Libyan rebels win international recognition as country's leaders
Thirty governments and groups including Nato and Arab League recognise Libya's transitional council as 'legitimate authority'Libyan contact group representatives – including Hillary Clinton and William Hague – meet in Istanbul. The group has decided to recognise the Libyan rebels. Photograph: Mustafa Ozer/AFP/Getty Images
Libyan rebels fighting to overthrow Muammar Gaddafi have won recognition as the country's "legitimate authority" from the entire international contact group co-ordinating policy on the crisis.
Franco Frattini, Italy's foreign minister, announced the largely symbolic move at an Istanbul meeting of the group – one of a swath of political and economic measures designed to ratchet up pressure on Gaddafi.
Britain also announced it was deploying four more fighter aircraft to take part in Nato
's bombing campaign.
"The entire Libyan contact group decided to recognise the NTC [national transitional council] as the legitimate authority of Libya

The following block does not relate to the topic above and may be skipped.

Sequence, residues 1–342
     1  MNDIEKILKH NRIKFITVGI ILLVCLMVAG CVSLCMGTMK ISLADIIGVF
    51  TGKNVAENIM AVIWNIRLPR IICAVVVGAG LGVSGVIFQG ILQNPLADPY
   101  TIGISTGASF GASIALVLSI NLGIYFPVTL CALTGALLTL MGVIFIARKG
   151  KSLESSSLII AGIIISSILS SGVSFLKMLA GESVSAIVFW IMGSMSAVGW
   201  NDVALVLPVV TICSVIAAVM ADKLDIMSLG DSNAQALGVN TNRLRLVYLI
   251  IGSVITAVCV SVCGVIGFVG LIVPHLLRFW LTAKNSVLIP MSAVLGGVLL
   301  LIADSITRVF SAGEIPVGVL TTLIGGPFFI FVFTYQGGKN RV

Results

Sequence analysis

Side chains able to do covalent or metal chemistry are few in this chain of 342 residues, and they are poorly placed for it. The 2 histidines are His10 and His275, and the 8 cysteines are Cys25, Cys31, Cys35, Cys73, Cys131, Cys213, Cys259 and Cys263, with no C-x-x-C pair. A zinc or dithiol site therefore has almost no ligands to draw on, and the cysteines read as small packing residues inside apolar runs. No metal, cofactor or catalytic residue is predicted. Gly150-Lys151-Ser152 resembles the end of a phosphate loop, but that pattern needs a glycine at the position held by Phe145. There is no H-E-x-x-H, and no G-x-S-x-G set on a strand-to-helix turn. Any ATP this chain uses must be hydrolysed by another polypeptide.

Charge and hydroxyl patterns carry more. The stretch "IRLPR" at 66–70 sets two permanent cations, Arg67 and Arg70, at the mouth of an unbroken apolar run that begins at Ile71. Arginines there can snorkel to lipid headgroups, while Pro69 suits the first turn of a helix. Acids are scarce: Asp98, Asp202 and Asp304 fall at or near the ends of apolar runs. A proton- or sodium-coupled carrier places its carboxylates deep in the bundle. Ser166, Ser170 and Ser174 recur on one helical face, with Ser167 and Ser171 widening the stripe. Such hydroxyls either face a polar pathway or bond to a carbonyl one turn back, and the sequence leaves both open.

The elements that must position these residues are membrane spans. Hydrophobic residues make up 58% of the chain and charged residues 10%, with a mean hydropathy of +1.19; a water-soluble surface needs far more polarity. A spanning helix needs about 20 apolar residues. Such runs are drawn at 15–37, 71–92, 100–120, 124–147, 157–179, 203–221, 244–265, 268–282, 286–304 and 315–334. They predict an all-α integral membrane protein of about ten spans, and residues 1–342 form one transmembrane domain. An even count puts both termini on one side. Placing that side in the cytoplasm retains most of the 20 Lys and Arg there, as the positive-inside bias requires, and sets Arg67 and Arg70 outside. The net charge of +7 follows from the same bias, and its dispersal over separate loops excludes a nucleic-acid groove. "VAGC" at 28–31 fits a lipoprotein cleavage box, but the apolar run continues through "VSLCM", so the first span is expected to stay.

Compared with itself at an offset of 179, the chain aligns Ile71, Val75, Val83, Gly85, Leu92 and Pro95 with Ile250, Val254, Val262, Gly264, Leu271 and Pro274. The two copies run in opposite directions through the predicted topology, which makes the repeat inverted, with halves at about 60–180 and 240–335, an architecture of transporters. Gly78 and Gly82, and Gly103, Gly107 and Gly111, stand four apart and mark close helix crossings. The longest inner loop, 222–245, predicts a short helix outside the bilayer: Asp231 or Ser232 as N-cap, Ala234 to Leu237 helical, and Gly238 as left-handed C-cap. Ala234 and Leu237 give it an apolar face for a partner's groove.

," Frattini told reporters. "So [there is] no other option but for Gaddafi to leave."
The recognition will be officially announced when the meeting's final document is released later on Friday.
Diplomats billed the move as a boost to the Benghazi-based rebel council, though it is legally complex since most contact group countries still maintain diplomatic relations with the Gaddafi regime and have embassies in Tripoli and Libyan missions in their own capitals.
Britain has said for some time it regards the NTC as the legitimate representative of the Libyan people but it recognises states, not governments.
"It's a strong signal of support for the NTC and reflects the growing consensus that it is increasingly competent, is reaching out to Libyan people across the country and reinforces the point that Gaddafi must go," said an Foreign Office spokesman.
For some countries the decision may have legal implications with regard to making Libyan state assets frozen by UN sanctions available to the NTC.
The UN envoy on Libya, Abdul-Elah al-Khatib of Jordan, is to be authorised to present terms for Gaddafi to leave power in a Turkish-drafted package that will include a ceasefire to halt fighting and usher in a political transition. It is unclear whether Gaddafi will be required to leave the country. The Libyan leader, wanted for crimes against humanity by the international criminal court, has repeatedly insisted he will not stand down.
The contact group, meeting for the fourth time since the crisis began in March, is made up of more than 30 governments and international and regional organisations, including Nato, the EU and the Arab League.
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